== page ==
The Saga of ISAGA

by Willy Kriz

The first ISAGA conference in 1970 had no proceedings. In the foreword of the proceedings of the 2nd ISAGA conference, Hans Hansen describes some background information on the foundation of ISAGA. Early in 1970, Richard D. Duke, Allan G. Feldt and Hans Hansen began preparing a joint research project to bridge the gap between knowledge and experiences between the United States and Germany. The group also aimed to design new concepts of gaming simulation. For this project, they worked together for several weeks at DATUM in Bonn / Bad Godesberg (DATUM e.V. = Institute for computer-assisted development planning). The project also provided an excellent opportunity to meet with other experts in Europe involved in gaming simulation.

Figure: Participants of the 1st ISAGA conference 1970

Duke and Feldt extended invitations to a list of people from various disciplines. The first “International Conference on Gaming and Simulation” took place on June 27th and 28th in Bad Godesberg, Germany. It was an informal gathering of about 40 participants from eight European nations and the USA.

This stimulating meeting resulted in the formation of ISAGA with the goal to have an annual conference and to organize a continuous exchange of knowledge and experience in gaming simulation. In the early days of ISAGA, gaming simulation approaches were most often discussed in the United States, Germany, The Netherlands, UK, Italy and North European countries. The choice of ISAGA conference locations in the first ten years is much easier to understand when we take this information into account. The first ISAGA conferences were held twice in Germany, twice in The Netherlands, twice in UK, and once in the U. S. A., Sweden, Italy and – to break ranks – in Venezuela.

Robert Armstrong, one of the organizers of the 8th ISAGA conference, recalled some memories at the 25th-anniversary conference. Armstrong stated:

“In retrospect, it is difficult to define precisely the expectations of those who gathered in Bad Godesberg 25 years ago. We were a diverse group brought together by a common interest in the use of gaming-simulation, although there was not clear agreement on a definition of what constituted gaming-simulation. Equally, there was variety of types of approach and purposes for which they were being used. Despite the differences, we believed there were benefits to be gained from sharing experience… I suggest that there were three concerns in the minds of participants providing us with the common ground for discussion of problems:

  • A feeling of dissatisfaction with the restrictive nature of the analytical approach to problems in our subject areas
  • A wish to explore the potential of a systems approach to societal problems as a framework for the consideration of multi-disciplinary problems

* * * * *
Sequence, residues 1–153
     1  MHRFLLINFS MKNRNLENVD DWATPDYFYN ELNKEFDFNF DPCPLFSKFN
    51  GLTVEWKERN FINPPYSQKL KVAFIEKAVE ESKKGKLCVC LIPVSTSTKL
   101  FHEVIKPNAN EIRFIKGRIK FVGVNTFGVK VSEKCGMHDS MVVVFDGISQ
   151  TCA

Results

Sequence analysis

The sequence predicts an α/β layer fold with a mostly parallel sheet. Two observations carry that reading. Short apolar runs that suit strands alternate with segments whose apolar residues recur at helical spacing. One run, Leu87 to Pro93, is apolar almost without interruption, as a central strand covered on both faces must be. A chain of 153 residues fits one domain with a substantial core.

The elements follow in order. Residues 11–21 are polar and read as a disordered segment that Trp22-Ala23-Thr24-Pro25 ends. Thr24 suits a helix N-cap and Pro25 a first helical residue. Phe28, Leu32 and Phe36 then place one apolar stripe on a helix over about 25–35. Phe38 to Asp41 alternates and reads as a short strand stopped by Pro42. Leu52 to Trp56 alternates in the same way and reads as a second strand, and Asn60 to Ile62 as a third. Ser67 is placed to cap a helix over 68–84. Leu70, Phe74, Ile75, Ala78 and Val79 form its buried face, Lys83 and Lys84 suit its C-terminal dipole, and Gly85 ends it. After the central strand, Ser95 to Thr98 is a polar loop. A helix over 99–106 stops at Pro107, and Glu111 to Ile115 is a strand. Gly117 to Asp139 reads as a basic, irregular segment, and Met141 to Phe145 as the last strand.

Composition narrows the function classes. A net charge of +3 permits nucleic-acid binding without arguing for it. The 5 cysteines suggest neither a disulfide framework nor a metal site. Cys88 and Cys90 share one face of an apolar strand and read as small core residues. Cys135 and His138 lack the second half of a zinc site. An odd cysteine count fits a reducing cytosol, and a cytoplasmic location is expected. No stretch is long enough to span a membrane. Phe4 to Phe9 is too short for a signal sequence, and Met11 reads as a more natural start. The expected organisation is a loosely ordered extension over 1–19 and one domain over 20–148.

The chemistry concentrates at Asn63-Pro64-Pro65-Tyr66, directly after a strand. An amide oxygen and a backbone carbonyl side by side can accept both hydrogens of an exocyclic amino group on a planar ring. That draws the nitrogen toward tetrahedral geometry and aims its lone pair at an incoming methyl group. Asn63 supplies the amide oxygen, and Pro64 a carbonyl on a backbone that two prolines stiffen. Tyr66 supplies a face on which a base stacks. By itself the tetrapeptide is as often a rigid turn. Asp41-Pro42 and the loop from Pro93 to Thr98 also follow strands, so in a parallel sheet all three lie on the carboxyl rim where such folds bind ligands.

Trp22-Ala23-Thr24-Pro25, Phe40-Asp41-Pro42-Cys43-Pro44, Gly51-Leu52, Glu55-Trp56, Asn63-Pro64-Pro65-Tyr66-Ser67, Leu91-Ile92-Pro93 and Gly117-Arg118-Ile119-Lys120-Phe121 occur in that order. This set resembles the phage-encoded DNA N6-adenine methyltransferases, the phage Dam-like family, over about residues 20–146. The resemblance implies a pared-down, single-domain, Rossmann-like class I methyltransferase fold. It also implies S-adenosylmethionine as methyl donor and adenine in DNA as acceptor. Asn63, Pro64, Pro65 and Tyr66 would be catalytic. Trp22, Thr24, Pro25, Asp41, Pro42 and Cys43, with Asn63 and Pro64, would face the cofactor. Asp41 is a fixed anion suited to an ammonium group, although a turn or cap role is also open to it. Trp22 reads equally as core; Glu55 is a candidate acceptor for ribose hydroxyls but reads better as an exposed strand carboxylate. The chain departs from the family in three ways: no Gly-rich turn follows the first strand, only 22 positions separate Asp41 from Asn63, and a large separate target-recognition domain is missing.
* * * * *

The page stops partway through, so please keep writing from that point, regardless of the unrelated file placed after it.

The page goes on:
• A desire to refine and extend the use of gaming-simulation in our areas of interest.”

In the early 1970s, several associations similar to the International Simulation and Gaming Association (ISAGA) were established, including the North-American Simulation and Gaming Association (NASAGA), the UK-based Society for the Advancement of Games and Simulations in Education and Training (SAGSET), and the U.S.-based Association for Business Simulation and Experiential Learning (ABSEL). These organizations shared the goal of overcoming a mechanistic conception of social systems and human learning. They have been working together for several decades and have also organized joint conferences.

In its early years, the primary mission of ISAGA was to establish a serious and fruitful scientific discussion and to prove that gaming simulation is effective. Later, several additional associations were founded that cooperate closely with ISAGA (e.g. Japan-based JASAG, SAGANET in the Netherlands, SAGSAGA in Germany, Austria and Switzerland, etc.). ISAGA is still an international and intercultural association. From its origins, the “DNA” of ISAGA consists of

  • a great variety of research topics and methodological approaches;
  • a wide spectrum of simulation game forms (e.g. face-to-face to online web-based gaming, role-playing games, board-based games, frame games, computer-assisted games, policy exercises, behavior games, computer simulations, and digital games);
  • a network of scientists with various disciplinary backgrounds, gaming professionals, and practitioners (designers, facilitators, trainers, consultants, etc.);
  • an association in which all members share an interest to benefit from each others’ knowledge;
  • a community that strives for meta-disciplinary perspectives to solve complex problems and to change dysfunctional systems.